Someone’s Knocking at the Door

by Chris Shea, Executive Director, Cherry Street Health Services (as published in the Michigan Primary Care Association’s newsletter, News & Notes, Spring 2010 issue)

“Someone’s knocking at the door…Open the door and let ’em in…”  

Paul McCartney and Wings  Congratulations!  We’ve all worked so hard to assure that millions more underserved people in this state have access to health care.  Now – with health reform – the opportunity to open our doors to them is here!  But will we really be ready to let them come in?  I’ve taken a look at health care dollars available to Federally Qualified Health Centers (FQHCs) over the next five years, how much is available and when it is available.  My conclusion is that unless we are very aggressive in seeking these new funds, FQHCs will not be able to double in the number of people served or even come close to that.  We will be successful though if we start right now. 

  • Figure out what you want your FQHC to be when it grows up – what geographic territory it should cover, how many patients it will serve, what types of programs it will specialize in, and what federal and other resources will be needed to accomplish that.  Possibly there is no significant expansion in your future, or possibly your view of the future has not been expansive enough to provide care for all of the underserved in your area.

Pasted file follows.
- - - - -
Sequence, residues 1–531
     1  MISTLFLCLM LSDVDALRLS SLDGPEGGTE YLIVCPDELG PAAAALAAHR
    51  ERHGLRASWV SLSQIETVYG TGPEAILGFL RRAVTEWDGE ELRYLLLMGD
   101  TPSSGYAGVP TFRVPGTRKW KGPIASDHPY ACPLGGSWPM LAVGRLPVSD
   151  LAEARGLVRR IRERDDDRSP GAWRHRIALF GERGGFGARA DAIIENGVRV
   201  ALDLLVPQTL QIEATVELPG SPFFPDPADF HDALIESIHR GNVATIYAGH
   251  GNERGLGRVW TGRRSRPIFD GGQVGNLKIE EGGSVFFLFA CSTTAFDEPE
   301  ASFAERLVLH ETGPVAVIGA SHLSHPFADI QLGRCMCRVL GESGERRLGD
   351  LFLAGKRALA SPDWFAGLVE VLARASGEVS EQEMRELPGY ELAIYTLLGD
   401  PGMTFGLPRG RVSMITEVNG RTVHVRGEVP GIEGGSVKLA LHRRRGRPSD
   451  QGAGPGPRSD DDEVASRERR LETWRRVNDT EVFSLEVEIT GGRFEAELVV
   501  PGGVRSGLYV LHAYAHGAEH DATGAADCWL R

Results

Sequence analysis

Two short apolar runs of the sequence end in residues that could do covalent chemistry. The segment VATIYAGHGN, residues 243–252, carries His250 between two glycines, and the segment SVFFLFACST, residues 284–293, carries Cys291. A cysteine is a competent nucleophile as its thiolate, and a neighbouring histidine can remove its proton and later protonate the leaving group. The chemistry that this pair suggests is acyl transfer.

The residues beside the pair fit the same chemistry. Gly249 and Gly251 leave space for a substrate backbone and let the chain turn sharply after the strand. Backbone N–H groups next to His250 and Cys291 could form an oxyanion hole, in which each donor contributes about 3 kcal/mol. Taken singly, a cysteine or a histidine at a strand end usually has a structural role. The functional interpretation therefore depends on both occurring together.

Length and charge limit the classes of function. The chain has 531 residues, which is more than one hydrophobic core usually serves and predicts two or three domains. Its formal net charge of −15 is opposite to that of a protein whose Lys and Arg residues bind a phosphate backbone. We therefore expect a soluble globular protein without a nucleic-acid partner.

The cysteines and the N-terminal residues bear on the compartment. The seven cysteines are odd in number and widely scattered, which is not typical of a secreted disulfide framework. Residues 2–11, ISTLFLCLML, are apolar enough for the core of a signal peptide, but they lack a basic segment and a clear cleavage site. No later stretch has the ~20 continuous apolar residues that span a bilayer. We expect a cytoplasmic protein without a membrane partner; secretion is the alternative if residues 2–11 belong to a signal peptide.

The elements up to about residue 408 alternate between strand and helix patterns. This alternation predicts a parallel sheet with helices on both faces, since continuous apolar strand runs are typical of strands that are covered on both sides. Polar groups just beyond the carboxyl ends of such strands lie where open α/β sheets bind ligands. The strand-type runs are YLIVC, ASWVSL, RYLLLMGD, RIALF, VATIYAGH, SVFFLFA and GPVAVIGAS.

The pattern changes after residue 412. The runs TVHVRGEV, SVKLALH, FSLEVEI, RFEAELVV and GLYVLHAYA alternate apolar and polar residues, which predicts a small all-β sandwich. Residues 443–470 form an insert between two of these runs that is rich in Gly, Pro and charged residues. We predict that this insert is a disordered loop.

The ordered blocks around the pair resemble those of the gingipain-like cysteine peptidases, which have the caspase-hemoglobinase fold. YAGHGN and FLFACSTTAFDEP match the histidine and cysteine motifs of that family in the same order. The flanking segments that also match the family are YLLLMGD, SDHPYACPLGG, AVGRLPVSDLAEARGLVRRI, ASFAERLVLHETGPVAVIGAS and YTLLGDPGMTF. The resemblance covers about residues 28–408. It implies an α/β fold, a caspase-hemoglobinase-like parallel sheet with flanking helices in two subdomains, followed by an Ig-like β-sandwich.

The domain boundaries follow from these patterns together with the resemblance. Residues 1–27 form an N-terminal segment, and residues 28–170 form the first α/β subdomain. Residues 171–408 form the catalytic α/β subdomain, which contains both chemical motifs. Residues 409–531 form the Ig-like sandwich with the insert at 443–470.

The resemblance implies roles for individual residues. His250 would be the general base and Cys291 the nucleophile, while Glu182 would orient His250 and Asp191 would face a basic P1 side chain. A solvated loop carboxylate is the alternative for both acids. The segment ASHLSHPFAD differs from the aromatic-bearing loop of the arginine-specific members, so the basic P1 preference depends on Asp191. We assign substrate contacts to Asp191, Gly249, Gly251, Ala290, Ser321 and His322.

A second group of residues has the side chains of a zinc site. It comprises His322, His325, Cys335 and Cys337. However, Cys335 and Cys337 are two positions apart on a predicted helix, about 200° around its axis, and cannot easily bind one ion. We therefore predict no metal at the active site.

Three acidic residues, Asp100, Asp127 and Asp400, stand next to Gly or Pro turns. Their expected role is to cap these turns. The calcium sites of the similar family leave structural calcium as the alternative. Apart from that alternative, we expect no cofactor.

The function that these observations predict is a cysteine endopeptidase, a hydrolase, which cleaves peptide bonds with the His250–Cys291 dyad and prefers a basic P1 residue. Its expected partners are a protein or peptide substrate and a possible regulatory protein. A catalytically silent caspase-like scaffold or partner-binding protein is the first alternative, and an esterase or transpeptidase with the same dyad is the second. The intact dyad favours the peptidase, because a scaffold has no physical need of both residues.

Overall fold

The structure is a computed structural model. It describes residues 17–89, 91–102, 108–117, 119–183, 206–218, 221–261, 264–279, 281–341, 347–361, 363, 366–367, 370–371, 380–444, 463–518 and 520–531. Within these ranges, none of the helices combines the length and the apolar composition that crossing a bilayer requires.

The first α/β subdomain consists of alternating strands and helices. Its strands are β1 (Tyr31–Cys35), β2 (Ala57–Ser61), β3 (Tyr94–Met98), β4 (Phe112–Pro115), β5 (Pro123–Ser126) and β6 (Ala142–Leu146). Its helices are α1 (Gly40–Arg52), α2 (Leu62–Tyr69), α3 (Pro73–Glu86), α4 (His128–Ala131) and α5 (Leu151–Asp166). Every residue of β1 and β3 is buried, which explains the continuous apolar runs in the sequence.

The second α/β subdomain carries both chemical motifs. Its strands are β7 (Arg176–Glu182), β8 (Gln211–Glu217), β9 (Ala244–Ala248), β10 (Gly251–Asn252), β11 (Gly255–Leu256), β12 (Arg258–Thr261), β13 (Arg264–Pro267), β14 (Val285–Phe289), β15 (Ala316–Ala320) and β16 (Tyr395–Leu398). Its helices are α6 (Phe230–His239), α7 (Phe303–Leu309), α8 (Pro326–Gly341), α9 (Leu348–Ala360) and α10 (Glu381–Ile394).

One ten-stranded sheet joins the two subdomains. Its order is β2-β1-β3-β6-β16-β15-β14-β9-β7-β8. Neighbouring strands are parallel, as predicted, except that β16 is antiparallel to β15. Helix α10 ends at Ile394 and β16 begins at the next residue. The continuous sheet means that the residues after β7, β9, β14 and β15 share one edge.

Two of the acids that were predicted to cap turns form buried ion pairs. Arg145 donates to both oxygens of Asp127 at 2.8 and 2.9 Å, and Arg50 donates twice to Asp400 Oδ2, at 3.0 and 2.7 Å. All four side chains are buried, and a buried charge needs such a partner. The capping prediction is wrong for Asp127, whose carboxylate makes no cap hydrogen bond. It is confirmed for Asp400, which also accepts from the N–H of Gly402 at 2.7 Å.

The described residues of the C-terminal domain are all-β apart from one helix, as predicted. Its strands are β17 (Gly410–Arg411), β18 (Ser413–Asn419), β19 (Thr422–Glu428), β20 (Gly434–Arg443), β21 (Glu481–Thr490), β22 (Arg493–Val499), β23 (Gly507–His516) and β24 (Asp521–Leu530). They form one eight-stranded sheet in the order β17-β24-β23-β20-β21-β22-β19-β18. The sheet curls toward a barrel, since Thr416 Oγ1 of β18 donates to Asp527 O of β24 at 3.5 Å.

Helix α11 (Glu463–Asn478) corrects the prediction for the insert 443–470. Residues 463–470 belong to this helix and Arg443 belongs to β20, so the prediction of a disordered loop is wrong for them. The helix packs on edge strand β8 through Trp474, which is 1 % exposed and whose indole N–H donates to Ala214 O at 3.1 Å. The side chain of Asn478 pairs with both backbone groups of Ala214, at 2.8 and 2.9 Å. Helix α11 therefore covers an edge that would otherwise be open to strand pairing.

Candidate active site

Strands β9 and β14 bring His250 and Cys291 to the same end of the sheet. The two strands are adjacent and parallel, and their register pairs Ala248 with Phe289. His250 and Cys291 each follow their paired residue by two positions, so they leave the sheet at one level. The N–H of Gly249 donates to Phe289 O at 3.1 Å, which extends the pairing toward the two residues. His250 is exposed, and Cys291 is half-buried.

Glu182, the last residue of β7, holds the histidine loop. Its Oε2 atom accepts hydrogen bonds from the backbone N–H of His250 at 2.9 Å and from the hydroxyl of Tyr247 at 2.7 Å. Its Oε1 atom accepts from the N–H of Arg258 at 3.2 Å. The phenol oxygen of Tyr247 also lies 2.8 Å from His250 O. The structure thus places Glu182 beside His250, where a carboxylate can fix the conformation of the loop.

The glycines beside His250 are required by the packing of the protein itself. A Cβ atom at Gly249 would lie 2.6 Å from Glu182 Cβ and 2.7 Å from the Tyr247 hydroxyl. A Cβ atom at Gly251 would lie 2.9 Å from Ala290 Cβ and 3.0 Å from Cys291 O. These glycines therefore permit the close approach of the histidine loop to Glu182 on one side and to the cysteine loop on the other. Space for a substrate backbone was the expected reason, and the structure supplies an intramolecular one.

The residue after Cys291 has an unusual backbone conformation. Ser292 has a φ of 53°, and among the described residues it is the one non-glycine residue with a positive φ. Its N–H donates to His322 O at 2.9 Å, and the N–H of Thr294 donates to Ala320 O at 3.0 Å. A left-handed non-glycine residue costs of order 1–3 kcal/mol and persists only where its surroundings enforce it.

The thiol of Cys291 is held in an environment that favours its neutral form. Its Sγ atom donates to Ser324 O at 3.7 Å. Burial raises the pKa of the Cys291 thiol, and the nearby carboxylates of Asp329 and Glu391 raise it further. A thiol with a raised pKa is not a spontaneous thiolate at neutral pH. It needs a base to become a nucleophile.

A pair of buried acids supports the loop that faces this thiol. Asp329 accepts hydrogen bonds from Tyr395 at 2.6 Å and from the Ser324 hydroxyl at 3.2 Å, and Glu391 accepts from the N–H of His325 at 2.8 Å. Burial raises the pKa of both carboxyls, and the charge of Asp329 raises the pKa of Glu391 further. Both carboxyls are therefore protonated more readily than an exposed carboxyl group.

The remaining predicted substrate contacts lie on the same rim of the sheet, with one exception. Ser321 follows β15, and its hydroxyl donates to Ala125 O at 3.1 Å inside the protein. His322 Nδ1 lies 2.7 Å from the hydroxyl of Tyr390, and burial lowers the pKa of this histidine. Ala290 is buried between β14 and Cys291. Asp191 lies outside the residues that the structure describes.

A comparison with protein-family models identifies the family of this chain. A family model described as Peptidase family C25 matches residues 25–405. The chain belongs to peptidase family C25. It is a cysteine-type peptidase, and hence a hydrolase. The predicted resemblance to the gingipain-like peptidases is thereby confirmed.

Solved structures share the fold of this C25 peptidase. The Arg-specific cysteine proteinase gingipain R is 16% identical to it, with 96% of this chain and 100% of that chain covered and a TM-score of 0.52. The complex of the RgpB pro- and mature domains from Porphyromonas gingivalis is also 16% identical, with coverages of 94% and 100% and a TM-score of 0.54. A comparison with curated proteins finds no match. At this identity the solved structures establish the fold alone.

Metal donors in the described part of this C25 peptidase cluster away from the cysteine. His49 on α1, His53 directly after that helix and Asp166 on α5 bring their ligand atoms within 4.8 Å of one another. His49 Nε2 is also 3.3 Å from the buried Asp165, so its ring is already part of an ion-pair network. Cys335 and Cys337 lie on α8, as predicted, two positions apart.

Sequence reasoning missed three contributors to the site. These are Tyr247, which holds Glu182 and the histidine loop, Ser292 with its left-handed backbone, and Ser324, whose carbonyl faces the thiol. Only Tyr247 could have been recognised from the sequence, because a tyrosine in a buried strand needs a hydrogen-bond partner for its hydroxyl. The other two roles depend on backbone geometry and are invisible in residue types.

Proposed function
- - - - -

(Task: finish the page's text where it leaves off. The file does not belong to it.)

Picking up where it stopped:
• Do whatever you can to win one or more New Access Point (NAP) grants or to get expansion grants in fiscal year (FY) 2011. (Request for Proposals are likely to be published in the next couple of months).  If you don’t get these grants this coming year, your next really good chance to get them is probably not until FY2014.
  • If you do get a New Access Point Grant in FY 2011, market hard because you are unlikely to get a shot at another NAP until you’ve filled the first.  Apply for medical and service expansions early and often.
  • Do whatever you can to (legally) divert funding from operations to capital.  The $1.5 billion federal set-aside for capital is not nearly enough (even in combination with tax credits, capital campaigns, etc.) to meet the demand for capital that will be generated by the increase in operational funding.  Success in providing the facilities needed to serve our patients will require all the creativity we’ve got, including reliance on leased space. 
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